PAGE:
Can German Activists Stop the Neo-Nazi Resurgence?

Josephine Huetlin

ERFURT, Germany—A conservative regional politician, who’d been hounded online by the far right Alternative für Deutschland (AfD) party, was shot dead on his porch last June by a man who’d previously volunteered to hang AfD campaign posters.

The victim’s offense? He’d been filmed defending Chancellor Angela Merkel’s refugee policies as a matter of Christian and German values. Of course the AfD denied any responsibility, but for Germans who see in it the threat of resurgent fascism—indeed, Nazism—the murder of Walter Lübcke has remained a potent symbol.

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Earlier this month, convoluted coalition politics brought members of the AfD together with Merkel’s Christian Democratic Union and the Free Democratic Party to name the governor of the state of Thuringia in former East Germany. The move was seen as an unprecedented and highly unwelcome neo-fascist breakthrough, a big win for a party previously considered completely toxic. People across the country turned out in front of state parliaments and party headquarters to protest, to chant, and in some cases to cry.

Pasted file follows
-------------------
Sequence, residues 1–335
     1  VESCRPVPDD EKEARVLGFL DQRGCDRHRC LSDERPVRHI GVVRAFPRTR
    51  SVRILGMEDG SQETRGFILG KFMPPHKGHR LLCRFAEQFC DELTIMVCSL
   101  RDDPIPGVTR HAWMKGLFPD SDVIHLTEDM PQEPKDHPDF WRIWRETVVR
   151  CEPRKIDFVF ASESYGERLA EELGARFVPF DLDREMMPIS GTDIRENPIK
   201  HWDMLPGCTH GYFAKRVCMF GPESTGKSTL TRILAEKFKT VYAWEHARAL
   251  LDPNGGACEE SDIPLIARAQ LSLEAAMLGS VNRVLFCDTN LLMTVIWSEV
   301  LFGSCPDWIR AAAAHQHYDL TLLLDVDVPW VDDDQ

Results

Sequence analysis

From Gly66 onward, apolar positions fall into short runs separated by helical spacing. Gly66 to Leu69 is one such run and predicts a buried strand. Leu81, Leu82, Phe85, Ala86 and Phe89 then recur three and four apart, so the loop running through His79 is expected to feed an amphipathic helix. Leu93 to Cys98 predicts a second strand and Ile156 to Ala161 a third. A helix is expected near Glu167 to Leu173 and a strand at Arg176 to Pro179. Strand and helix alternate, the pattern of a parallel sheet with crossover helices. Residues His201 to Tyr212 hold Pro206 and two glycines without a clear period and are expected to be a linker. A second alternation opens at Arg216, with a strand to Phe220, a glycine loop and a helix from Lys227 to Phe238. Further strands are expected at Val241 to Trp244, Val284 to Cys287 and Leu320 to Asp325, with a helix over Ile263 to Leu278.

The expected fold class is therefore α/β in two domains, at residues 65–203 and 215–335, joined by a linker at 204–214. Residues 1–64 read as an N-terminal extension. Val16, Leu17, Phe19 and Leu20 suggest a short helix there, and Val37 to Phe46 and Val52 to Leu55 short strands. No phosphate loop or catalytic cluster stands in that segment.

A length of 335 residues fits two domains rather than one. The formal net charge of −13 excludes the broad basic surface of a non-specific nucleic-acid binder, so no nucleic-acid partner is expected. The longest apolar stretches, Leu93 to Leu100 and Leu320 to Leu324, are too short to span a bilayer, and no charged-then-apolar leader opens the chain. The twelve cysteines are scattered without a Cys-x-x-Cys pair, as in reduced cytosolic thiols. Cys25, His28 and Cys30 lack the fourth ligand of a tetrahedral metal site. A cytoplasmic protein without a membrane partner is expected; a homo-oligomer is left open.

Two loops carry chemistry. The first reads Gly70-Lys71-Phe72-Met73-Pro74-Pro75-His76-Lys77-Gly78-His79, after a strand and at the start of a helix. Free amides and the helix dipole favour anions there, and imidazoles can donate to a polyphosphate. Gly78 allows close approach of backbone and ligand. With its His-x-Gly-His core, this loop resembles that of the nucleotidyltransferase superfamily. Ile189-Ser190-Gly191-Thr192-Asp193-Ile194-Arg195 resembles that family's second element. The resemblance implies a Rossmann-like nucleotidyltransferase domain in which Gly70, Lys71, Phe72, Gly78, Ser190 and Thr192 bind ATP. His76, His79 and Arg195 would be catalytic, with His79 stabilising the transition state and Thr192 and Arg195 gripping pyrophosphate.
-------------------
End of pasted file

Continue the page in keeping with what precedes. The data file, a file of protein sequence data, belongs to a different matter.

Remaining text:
“It makes people angry that, even though people are being murdered, there are politicians who do not appear to understand how dangerous this party is,” said Robert Fietzke, who organized the anti-AfD protest in the city of Magdeburg. 

Twenty-four hours after the Free Democratic Party candidate Thomas Kemmerich was given the governorship by the AfD, CDU, FDP coalition he stepped down. But that was only the beginning of successive crises. Merkel denounced the coalition, and then her chosen successor, Annegret Kramp-Karrenbauer,  resigned her position. Meanwhile, the protests have continued. 

On Saturday, 9,000 people took to the streets of Erfurt, Thuringia’s capital, holding signs that read, “No pact with fascists.” Flags from the environmental movement inspired by Greta Thunberg, Friday for Future, waved in the crowd. A group of men and women in suits from the satirical German party called simply "Die Partei" stood around smoking—and claimed that they, too, had caused Kemmerich to resign. (Die Partei has about 40,000 members, while the AfD has roughly 35,000.)

In Europe and the United States, far right politicians have relied on collaboration with establishment conservative parties to achieve power. But as the AfD and its neo-Nazi base exploit the disturbing potential of the radical right in this country, a growing number of initiatives are fighting back.